-Your arguments seem to suggest a desire to identify with certain viewpoints without a full understanding of the ideological or linguistic baggage implied by their labels. You want to have Republican friends who can feel safe by ignoring the deadly history of the Republican party; you want to self-claim the Zionist label and not have to defend the historically loaded colonialist politics that have been carried out in the name of Zionism; you want to have Trump supporters feel safe surrounded by people of color, women, and queer people whom their vote and their support is a direct and ongoing dehumanizing political action.

    As a tutor in the Writing Center, you’re well aware of the ideological power of words and labels: to self-identify as a Zionist is to take on a loaded historical term that does have colonialist and white supremacist undertones (specifically in the political landscape regarding HOW the state of Israel was founded; not in the right of it to exist or not); a label that does require a degree of explanation in order to not be grouped in with its own baggage. Similarly, someone who is openly able to self-identify as a Republican (especially on a college campus) does have a degree of self-implied onus placed on them in order to explain why their identity isn’t based on cognitive dissonance (a university is meant to foster critical thinking, a standpoint that Republican politics openly rejects) and the acceptance of the vast ideological oppression that the Republican party openly stands for. Sometimes, adopting a label is going to mean having to defend or justify that label, especially when that label has easy associations with hatred and oppression.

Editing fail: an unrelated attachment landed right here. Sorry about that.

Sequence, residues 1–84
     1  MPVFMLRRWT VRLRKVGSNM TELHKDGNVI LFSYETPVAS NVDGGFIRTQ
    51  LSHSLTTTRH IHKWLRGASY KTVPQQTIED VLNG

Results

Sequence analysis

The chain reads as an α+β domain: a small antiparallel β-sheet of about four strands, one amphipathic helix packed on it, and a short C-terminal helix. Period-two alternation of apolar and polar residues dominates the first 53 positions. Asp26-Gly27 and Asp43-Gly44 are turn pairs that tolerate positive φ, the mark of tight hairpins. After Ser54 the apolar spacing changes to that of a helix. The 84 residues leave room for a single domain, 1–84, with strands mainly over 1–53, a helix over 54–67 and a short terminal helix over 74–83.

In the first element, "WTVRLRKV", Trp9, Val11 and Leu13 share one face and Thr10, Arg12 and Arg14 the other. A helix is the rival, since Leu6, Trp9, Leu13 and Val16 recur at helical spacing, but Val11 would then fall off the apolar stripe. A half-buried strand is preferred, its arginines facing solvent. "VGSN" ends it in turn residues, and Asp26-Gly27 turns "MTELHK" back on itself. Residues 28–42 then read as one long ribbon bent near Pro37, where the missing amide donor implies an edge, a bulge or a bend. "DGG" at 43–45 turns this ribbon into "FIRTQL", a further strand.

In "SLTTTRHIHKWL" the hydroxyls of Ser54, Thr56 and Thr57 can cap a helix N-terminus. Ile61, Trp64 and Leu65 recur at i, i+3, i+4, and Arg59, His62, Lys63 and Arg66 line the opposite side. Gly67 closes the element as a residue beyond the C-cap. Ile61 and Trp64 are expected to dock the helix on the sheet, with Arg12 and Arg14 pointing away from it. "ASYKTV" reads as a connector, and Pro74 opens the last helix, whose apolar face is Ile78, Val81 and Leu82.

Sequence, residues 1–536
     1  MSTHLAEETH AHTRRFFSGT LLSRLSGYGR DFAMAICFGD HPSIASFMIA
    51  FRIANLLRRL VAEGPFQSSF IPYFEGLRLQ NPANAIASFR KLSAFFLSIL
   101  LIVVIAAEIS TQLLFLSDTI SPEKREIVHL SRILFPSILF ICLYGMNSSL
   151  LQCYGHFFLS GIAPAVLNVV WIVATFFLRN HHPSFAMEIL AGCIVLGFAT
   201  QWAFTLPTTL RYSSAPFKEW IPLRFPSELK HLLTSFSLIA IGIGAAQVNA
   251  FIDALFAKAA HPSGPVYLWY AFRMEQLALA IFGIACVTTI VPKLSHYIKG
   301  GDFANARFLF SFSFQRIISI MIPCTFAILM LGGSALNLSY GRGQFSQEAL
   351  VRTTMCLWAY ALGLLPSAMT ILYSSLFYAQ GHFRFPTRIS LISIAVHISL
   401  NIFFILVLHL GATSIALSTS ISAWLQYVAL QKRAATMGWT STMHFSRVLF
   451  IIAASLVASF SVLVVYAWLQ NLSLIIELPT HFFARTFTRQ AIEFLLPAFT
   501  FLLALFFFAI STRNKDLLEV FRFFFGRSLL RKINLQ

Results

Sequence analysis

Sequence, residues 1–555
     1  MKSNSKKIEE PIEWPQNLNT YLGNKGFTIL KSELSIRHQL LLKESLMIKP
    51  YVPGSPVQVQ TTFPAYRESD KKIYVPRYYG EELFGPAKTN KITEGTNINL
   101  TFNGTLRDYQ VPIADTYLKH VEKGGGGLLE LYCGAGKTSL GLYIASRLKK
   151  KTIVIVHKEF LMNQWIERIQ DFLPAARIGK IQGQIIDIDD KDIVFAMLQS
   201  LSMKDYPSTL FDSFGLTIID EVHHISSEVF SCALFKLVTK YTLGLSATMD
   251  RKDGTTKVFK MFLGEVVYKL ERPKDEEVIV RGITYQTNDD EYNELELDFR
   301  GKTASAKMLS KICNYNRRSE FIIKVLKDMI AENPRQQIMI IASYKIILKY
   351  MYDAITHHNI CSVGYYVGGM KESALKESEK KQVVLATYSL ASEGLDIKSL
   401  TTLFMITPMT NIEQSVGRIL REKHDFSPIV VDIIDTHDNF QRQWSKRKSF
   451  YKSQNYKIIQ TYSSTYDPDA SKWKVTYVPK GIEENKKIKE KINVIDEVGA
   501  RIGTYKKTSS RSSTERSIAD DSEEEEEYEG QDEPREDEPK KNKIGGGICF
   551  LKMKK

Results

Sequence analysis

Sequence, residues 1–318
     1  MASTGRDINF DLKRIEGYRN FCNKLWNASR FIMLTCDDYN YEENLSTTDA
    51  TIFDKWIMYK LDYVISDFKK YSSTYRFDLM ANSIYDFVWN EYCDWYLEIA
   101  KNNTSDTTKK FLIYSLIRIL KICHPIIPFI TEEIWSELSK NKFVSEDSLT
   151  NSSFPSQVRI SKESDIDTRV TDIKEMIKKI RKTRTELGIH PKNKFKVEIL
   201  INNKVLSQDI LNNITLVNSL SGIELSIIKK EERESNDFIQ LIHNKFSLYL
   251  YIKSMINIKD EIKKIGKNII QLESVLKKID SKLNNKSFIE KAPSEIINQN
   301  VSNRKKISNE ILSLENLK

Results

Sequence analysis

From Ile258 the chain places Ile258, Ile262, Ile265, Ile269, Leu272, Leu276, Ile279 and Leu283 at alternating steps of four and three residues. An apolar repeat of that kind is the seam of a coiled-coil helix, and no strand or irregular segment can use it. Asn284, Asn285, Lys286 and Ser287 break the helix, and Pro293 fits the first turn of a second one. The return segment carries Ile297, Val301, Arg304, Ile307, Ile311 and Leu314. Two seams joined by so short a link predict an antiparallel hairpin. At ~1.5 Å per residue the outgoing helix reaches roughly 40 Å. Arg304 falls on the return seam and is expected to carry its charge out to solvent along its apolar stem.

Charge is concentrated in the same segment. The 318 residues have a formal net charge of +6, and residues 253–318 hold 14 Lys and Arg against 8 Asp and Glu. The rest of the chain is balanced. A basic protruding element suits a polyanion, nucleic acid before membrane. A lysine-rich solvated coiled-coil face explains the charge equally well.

-Here’s a bit of a subjective take: I do not believe all viewpoints are created equal. By spending time and energy taking radical viewpoints (i.e., supporting Trump) as seriously as our own thoughtful, educated ones, we’re validating those viewpoints as being on inherently equal footing to our own. Progressive politics has not made its accomplishments (see the Civil Rights Movement) by sitting down and trying to “talk it out” with racists and sexists. Having an open mind does not mean having an onus to listen to every viewpoint we hear and consider it thoughtfully.